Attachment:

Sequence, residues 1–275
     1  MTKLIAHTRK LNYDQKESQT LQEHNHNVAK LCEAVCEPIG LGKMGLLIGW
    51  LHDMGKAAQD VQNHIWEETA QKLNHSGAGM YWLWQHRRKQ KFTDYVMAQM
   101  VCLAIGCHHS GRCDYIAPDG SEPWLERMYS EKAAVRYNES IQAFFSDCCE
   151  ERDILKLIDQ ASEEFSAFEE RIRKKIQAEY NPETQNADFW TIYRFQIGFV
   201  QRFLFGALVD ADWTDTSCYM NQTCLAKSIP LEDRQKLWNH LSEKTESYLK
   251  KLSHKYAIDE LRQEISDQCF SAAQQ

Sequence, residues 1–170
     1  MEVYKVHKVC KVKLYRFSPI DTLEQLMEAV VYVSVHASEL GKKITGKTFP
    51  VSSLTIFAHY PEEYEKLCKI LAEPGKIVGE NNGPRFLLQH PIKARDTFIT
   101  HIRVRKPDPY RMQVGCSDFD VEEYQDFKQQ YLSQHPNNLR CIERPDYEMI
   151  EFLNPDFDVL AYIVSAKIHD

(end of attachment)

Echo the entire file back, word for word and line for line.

Sequence, residues 1–275
     1  MTKLIAHTRK LNYDQKESQT LQEHNHNVAK LCEAVCEPIG LGKMGLLIGW
    51  LHDMGKAAQD VQNHIWEETA QKLNHSGAGM YWLWQHRRKQ KFTDYVMAQM
   101  VCLAIGCHHS GRCDYIAPDG SEPWLERMYS EKAAVRYNES IQAFFSDCCE
   151  ERDILKLIDQ ASEEFSAFEE RIRKKIQAEY NPETQNADFW TIYRFQIGFV
   201  QRFLFGALVD ADWTDTSCYM NQTCLAKSIP LEDRQKLWNH LSEKTESYLK
   251  KLSHKYAIDE LRQEISDQCF SAAQQ

Sequence, residues 1–170
     1  MEVYKVHKVC KVKLYRFSPI DTLEQLMEAV VYVSVHASEL GKKITGKTFP
    51  VSSLTIFAHY PEEYEKLCKI LAEPGKIVGE NNGPRFLLQH PIKARDTFIT
   101  HIRVRKPDPY RMQVGCSDFD VEEYQDFKQQ YLSQHPNNLR CIERPDYEMI
   151  EFLNPDFDVL AYIVSAKIHD